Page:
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Cannes’ Palais des Festivals Is Now a Homeless Shelter Amid Nationwide Lockdown

With the Cannes Film Festival now postponed, the city is repurposing a key venue as a temporary homeless shelter.

General view of the Palais des Festivals in Cannes, southern France, 22 March 2020. France is under lockdown in an attempt to stop the widespread of the SARS-CoV-2 coronavirus causing the Covid-19 disease.Coronavirus in France, Cannes - 22 Mar 2020

General view of the Palais des Festivals in Cannes

SEBASTIEN NOGIER/EPA-EFE/Shutterstock

With the Cannes Film Festival now postponed to a yet-to-be-determined date, the view along the Croisette on the French Riviera is desolate. But the city has decided to repurpose a festival’s usual hub, the Palais des Festivals, as a temporary shelter for the homeless amid the country’s ongoing lockdown.

According to a report in Reuters, France has an estimated 12,000 homeless people, and the country’s current order to stay indoors per President Emmanuel Macron presents a challenge for those without shelter. A Cannes Town Hall official told Reuters that the Palais now sees between 50 and 70 people come through its doors every night, with the city offering areas for food, showers, recreational space for entertainment, as well as sleeping cots lined up and down the venue’s vast halls. Normally at this time, the Palais would also be prepping to host the annual content marketplace MIPTV, which was set for March 30 through April 3 but is no longer happening.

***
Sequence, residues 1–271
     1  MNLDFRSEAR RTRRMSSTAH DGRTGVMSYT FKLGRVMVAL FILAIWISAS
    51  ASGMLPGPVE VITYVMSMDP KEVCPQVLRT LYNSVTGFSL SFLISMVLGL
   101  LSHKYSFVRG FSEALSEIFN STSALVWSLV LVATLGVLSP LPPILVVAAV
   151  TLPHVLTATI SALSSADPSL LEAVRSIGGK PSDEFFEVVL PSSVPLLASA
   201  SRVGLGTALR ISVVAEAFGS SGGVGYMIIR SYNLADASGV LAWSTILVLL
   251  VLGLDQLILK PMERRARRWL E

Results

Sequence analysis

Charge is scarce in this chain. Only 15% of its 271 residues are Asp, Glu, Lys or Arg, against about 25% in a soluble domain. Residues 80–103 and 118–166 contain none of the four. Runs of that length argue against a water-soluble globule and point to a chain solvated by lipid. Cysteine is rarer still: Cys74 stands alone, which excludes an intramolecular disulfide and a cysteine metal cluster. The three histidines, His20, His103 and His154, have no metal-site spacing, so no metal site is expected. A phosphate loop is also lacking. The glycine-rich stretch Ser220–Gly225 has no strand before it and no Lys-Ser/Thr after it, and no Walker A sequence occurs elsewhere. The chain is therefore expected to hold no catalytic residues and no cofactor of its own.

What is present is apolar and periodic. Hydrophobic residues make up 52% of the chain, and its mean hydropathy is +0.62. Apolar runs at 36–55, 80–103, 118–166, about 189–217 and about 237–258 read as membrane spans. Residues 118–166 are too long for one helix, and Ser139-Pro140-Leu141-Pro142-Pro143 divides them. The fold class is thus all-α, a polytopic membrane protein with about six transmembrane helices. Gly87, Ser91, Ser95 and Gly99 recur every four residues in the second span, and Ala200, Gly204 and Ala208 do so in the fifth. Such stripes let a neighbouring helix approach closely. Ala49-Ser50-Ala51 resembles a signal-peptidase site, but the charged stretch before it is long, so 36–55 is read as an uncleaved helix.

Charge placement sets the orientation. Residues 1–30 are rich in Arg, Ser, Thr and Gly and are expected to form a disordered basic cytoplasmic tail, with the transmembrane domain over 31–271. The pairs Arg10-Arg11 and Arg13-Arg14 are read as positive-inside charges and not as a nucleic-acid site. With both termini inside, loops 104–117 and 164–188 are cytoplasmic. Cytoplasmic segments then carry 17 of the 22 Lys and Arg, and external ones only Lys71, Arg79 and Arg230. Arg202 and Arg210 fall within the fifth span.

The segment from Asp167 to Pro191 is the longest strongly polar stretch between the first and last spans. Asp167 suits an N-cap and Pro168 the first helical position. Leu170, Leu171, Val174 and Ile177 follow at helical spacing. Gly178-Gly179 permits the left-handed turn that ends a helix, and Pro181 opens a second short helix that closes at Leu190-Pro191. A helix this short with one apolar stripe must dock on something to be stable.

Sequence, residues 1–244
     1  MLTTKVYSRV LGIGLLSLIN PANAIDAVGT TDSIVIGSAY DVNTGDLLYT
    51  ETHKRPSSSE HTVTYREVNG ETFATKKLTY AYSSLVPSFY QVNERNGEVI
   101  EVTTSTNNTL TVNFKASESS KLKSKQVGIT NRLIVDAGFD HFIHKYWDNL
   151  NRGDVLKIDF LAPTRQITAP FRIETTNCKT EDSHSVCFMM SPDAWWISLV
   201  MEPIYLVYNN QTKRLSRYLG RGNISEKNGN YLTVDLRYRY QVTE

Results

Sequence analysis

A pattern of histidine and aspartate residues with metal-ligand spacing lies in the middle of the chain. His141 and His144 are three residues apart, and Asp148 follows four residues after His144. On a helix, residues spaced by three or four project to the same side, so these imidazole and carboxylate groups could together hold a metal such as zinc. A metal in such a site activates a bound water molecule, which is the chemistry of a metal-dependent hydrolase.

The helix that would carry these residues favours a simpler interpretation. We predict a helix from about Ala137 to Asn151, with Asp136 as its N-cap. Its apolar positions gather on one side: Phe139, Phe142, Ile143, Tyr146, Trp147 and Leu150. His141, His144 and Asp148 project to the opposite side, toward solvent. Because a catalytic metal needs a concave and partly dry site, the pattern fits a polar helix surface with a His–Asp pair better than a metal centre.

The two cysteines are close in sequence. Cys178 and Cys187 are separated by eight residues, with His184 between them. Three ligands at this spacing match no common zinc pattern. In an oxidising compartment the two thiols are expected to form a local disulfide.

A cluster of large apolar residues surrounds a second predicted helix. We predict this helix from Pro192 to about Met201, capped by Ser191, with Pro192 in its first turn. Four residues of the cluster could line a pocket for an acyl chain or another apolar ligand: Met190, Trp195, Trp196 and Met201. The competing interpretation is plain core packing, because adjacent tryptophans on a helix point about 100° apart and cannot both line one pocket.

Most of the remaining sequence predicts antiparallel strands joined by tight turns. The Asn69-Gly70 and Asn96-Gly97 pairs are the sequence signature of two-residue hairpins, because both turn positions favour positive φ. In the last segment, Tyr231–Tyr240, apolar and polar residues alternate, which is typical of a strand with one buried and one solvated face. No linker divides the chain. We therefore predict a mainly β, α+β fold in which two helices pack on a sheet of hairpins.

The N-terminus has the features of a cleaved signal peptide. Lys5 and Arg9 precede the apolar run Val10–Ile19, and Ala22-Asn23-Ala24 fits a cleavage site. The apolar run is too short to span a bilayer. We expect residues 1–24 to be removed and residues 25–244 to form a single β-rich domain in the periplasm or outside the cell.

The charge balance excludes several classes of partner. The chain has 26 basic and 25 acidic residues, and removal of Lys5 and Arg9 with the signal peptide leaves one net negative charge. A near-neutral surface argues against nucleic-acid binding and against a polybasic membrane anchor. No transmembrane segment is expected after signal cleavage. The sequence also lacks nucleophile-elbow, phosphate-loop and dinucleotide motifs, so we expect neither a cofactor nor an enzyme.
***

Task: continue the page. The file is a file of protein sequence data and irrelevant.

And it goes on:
The Cannes Film Festival, which draws tens of thousands of people each year, was originally set to take place May 12 through 23, but was called off last week with a hoped-for revival date eyed for late June. The festival would’ve announced its competition lineup on April 16, so the extra time could give programmers space to add new titles to the lineup, which annually sets the tone for the movie year going forward, from later festivals to awards season. Continually shifting release dates for movies worldwide may also mean that programmers have to reevaluate aspects of the lineup. Given the unpredictable situation, it’s impossible to know how realistic the late June timeline really is, especially as other festivals have shuttered their 2020 editions left and right.

“As soon as the development of the French and international health situation will allow us to assess the real possibility, we will make our decision known, in accordance with our ongoing consultation with the French Government and Cannes’ City Hall as well as with the Festival’s Board Members, film industry professionals and all the partners of the event,” Cannes Film Festival organizers said in a statement, when the biggest movie event of the year was delayed on March 19.

Read IndieWire’s wishlist for the films we hope to see at the 2020 Cannes Film Festival, from Wes Anderson’s “The French Dispatch” to Christopher Nolan’s “Tenet,” here.

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